The recent Austin BitAngels launch and our subsequent communication with those looking to attend June’s event prove that venture capitalists and angels are still in love with this emerging market. Many, having survived or sat on the sidelines of the 2016–2018 boom and bust, are ready to invest in the industry. For those that have been investing since 2013, they now approach companies developing blockchain technologies with a well-earned experience and a healthy skepticism built from the scars suffered during the 2018 bear market.
The bottom line, capital both new and old is coming back and there is an ecosystem of far more mature companies ready to receive them.
Austin’s tech industry is booming as much as the city itself.
In recent years, thousands of tech-focused companies, from small startups to major players — like Apple, Facebook, Oracle, and Google — have either relocated their headquarters or established a significant presence in Austin. This is nothing new to Austinites. Dell’s campus has been in Austin for decades, and Round Rock has always been known as the “tech epicenter” of the city. But Austin’s growing entrepreneurial community is pushing the city towards becoming a major national hub, some even go so far as to call it “the next Silicon Valley.”
Inside the technology industry specifically, Austin-Round Rock is the #4 city for new job postings. Many of these are startups. As reported by SFGate, Austin has “105.2 startups per 1,000 residents, according to the Kauffman Index of Startup Activity, compared to San Francisco’s 82.7 per 1,000 residents. In 2016 alone, Austin businesses garnered $590.4 million in venture capital.“ These trends are indicative of the boom many say shaped Silicon Valley’s earliest years.
As our BitAngels Austin partner, Irina Litchfield said, “Austin is the headquarters of the state, and has become the tech epicenter. Our goal is to expand the BitAngels mission beyond just connecting the amazing talent and technology to the money that may be elsewhere but to also build a thriving community and incubator that nurtures talent. Austin as the hub for this network just made perfect sense.”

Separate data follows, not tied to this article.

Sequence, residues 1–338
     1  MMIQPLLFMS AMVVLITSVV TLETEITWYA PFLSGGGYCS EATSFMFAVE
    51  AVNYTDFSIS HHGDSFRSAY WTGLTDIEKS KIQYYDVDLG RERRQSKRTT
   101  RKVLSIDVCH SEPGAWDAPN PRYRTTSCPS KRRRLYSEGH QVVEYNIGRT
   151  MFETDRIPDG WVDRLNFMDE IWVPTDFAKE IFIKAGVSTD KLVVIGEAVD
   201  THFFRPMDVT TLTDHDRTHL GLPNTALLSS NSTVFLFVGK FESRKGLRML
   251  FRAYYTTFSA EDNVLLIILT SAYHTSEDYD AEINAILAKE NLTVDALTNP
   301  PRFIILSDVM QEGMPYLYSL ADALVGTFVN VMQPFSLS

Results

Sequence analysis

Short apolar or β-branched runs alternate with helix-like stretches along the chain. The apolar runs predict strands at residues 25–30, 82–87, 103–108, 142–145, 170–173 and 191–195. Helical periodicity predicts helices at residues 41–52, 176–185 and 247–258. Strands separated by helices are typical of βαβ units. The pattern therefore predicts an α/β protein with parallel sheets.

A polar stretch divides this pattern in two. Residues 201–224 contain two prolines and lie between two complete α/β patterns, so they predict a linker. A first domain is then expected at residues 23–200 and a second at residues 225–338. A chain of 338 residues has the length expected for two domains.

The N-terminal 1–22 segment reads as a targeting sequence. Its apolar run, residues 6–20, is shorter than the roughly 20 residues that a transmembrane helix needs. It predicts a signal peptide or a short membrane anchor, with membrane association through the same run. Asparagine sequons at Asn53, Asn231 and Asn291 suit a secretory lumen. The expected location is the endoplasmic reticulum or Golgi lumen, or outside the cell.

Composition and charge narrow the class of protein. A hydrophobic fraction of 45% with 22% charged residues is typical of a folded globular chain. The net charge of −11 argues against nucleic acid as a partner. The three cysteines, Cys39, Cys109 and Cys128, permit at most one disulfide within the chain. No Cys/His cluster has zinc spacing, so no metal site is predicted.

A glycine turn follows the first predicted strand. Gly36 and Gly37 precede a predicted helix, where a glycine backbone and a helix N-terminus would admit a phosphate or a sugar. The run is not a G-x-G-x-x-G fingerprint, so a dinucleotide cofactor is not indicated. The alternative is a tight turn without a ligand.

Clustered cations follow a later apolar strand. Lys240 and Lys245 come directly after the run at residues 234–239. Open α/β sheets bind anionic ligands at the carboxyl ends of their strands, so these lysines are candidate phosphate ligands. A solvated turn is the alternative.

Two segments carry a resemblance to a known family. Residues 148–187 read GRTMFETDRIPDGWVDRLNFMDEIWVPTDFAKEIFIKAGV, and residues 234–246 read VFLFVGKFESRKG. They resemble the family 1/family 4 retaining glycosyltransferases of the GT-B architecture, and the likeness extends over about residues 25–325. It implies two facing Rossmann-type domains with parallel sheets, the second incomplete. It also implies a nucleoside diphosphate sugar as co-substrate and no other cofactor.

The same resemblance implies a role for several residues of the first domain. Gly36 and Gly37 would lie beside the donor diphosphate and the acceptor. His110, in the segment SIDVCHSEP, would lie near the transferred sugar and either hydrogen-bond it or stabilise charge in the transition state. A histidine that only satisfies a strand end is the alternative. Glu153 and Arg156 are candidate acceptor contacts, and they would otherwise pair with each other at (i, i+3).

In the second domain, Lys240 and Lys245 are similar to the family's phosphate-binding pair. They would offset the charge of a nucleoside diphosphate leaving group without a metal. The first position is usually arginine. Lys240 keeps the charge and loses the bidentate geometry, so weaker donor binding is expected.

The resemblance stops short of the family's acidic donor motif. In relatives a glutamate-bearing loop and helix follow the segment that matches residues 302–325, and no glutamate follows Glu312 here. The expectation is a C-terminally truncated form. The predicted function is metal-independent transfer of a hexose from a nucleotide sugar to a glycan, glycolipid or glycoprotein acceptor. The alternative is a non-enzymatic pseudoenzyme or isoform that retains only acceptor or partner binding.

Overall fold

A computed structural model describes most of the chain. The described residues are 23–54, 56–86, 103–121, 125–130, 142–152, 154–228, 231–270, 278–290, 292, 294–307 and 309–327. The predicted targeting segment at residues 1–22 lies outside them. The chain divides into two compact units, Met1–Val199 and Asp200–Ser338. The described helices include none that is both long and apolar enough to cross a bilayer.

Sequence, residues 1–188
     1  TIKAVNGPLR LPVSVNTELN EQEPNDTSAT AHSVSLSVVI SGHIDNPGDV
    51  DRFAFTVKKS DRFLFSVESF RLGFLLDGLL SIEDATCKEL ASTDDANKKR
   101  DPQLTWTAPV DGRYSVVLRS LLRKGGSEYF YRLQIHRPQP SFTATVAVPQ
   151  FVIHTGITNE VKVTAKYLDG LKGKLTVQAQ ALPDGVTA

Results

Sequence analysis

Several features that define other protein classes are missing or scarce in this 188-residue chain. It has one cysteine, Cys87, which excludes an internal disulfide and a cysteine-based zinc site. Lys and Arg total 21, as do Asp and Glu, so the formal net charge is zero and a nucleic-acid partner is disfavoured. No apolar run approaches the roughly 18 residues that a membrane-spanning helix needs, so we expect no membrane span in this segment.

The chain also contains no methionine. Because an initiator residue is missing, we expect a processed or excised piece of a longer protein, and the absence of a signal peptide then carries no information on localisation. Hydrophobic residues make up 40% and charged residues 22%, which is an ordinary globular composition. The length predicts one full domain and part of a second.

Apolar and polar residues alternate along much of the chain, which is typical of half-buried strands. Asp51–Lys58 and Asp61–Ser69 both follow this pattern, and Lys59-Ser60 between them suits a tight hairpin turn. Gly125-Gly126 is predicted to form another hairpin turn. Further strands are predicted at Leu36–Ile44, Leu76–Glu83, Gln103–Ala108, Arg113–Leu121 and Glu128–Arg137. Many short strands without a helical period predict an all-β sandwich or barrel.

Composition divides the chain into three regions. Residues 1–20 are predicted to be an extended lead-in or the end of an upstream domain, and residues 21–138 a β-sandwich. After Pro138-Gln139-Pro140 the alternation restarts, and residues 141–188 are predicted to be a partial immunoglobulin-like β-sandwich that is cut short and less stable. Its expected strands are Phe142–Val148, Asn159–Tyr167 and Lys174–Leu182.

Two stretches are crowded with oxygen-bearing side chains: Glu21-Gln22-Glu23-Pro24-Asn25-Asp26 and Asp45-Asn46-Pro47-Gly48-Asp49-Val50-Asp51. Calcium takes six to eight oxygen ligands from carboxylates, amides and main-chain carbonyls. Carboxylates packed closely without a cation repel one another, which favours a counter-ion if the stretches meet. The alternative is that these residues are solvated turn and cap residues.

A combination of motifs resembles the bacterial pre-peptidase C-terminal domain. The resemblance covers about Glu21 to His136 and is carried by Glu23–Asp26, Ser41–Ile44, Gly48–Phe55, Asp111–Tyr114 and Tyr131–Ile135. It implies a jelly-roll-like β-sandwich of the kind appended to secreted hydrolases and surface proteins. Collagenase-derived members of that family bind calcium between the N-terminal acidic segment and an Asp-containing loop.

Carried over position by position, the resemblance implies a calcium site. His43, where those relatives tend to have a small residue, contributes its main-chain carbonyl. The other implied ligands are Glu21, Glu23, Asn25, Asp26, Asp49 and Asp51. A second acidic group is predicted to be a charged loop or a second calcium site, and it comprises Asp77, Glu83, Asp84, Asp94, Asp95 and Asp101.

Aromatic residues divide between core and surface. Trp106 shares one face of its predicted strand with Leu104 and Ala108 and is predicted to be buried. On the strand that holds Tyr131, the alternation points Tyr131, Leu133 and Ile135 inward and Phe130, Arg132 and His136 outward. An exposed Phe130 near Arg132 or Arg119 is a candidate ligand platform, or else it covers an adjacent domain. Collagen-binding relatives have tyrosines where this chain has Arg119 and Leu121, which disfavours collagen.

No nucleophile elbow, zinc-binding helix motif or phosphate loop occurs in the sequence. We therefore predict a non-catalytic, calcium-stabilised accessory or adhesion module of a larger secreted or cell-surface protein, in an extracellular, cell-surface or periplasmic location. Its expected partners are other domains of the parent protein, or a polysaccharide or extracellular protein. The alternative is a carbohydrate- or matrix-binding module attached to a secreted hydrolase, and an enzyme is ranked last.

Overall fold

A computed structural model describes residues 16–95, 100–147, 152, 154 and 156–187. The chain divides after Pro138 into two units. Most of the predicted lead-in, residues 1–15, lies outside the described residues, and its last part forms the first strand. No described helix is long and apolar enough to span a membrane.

Just after our first event, what we learned, creatively, is that the days of pay-to-play pitch competitions and hype communication have dwindled. People want to stay and connect at these events, not just rush off to set-up meetings with investors or use the event time to sway investors with buzz words.
A meaningful shift has developed, where communities of companies and investors can emerge rather than one-off business deals between two entities.
There is an opportunity for the newcomers to blockchain and OGs, for the innovators and investors alike, to share knowledge, experience, and develop opportunity together.
We believe that BitAngels Texas can become a successful umbrella to transform the blockchain and entrepreneurial landscape in Texas. From our experience with this event and others, the days of pay-to-play pitch competitions and hype communication have dwindled. People want to stay and connect at these events, not just rush off to set up meetings with investors or use the event time to sway investors with buzz words. And those investors won’t fall for buzz words anyway, they are now too educated for that. Communities of companies and investors can now emerge.
This is an opportunity for both newcomers to blockchain and OGs, for the innovators and investors alike, to share knowledge, experience, and develop opportunity together.
“This industry has grown so much in just five years. Expertise has become crucial. Now, there is a need for legacy players and investors to nurture and help our new companies, specifically with helping them refine their business development strategies and thought leadership. Gaining investors is not the only goal anymore. These company leaders want to connect meaningfully, they want to position themselves as thought leaders and innovators of truly groundbreaking technology. We have to nurture that community in order to help them, and that’s what we aim to do with these events beyond pitching and networking. We’re going to make this happen in Austin,” says Irina.